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  • Writer's pictureEndring

Stuck in the Rational? Use the power of images to spark creative thinking.



In this week’s issue we are going to make the case for harnessing the power of visual thinking and imagery to help solve our most important challenges. And we’re going to share a simple 4 step framework to help you just do that.


Many of us, by default, approach problem solving with the analytical side of our brain - pulling data, crunching spreadsheets, writing, and a whole lot of talking. We know we need to inspire others, but sometimes what comes out feels a bit clinical or lifeless, without emotion or depth.


It might be capturing minds, but not hearts AND minds.


Often what we need is a fresh perspective that can only be attained by tapping into a different part of our brains. The more creative part.


Imagery has the potential to unlock a perspective that we may not be consciously aware of.


As humans, we are attracted to (and find deeper meaning in) pictures and images. We do this in our personal life with photos, artwork, or the use of Vision Boards.


A powerful image can leave us breathless and full of emotions. It also helps us express meaning that we wouldn’t be able to access in the logical centres of the brain.


We usually come up with reasons not to invest the time into this creative way of work, and sometimes it come up with thoughts like:

  • “We don’t have time to engage in these type of activities to ‘spark creativity’”

  • “This isn’t real work - feels like ‘mumbo jumbo’”

  • “I am not the creative type”

But if we can just hit pause on the arguments for why we SHOULDN’T engage in such a process, and take that proverbial leap of faith, we can tap into the power of imagery to come up with new ideas.


Here is a straight-forward exercise that jump-starts the creative process when we work with teams to design experiences, ideate solutions, or develop a vision of the future.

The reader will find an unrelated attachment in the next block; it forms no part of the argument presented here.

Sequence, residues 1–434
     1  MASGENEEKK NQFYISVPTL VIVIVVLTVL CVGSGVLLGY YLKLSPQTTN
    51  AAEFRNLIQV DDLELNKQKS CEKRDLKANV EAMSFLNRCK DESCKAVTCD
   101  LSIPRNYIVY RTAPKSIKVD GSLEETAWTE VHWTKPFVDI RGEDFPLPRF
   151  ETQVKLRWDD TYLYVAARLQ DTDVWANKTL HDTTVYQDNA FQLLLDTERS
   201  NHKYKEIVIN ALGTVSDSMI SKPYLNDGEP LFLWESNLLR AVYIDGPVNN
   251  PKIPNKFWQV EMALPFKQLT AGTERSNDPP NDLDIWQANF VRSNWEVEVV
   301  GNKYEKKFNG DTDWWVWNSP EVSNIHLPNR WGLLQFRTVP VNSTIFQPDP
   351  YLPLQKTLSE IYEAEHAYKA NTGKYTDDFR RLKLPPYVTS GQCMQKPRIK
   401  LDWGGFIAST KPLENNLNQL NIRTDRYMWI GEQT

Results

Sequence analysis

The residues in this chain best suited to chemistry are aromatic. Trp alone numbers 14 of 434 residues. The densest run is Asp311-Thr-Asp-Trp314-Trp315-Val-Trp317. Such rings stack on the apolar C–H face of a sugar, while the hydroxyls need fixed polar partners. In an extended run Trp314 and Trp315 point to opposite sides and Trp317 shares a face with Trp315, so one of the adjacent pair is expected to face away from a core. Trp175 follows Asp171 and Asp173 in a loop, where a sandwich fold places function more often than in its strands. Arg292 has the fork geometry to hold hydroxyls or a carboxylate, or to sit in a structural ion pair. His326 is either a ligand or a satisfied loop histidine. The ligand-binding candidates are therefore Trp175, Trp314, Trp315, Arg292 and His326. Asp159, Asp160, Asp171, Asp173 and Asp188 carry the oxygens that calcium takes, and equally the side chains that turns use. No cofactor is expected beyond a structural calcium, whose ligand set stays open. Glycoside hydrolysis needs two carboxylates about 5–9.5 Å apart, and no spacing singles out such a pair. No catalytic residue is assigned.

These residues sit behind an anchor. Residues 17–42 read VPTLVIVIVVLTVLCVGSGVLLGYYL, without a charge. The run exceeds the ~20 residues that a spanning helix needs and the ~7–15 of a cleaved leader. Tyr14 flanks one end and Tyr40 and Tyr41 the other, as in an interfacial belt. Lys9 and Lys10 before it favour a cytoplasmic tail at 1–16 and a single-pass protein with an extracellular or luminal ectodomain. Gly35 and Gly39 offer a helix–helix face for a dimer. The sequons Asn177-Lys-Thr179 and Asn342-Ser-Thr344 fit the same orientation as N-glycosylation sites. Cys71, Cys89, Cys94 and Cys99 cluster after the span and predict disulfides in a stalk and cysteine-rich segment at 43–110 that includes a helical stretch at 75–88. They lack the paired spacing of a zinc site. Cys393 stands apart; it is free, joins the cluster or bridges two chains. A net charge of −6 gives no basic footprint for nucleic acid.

1 - Expose the team to new images.


This step is about exposing yourself and your team to new and different visual stimuli - something that we may not be accustomed to in our day-to-day work.


We usually pre-select 20 to 30 images for this exercise. The images should be wide-ranging and include elements from architecture, people, natural landscapes, animals and art. The key is to have a variety of images that are evocative, powerful, sometimes even jarring.



If we’re working virtually, we lay them all out on a Miro canvas. If we’re working in-person, we lay the them out on a couple of large tables in a board room.

There are no strict criteria here for your team members other than that the images must evoke a feeling or emotional reaction. Tell them to pick the ones they think most represent what you are trying to address as a group. It’s supposed to be intuitive.


Give each team member 6 voting dots. Allow folks to review in silence and to select (with voting dots) the images that resonate most with them. They are allowed to put more than one vote on a single image.


  1. Pro Tips:


  2. Time-box this component to 10 mins max.

  3. Play some mood music while people consider the images - something uplifting, comfortable but not sleepy. [We’ve started this segment with ‘Son of a Preacher Man’ a few times]


2 - Collect the impressions.


Once everyone has had on opportunity to review and vote in silence, collect the 5 or 6 top-voted images by the group.


On a separate canvas, or a wall in the board room, place them in order of most to least votes.


Go through each of the images one by one. Invite the people that voted for the image to verbally share one key word that they associated with it.


Write all of the words down.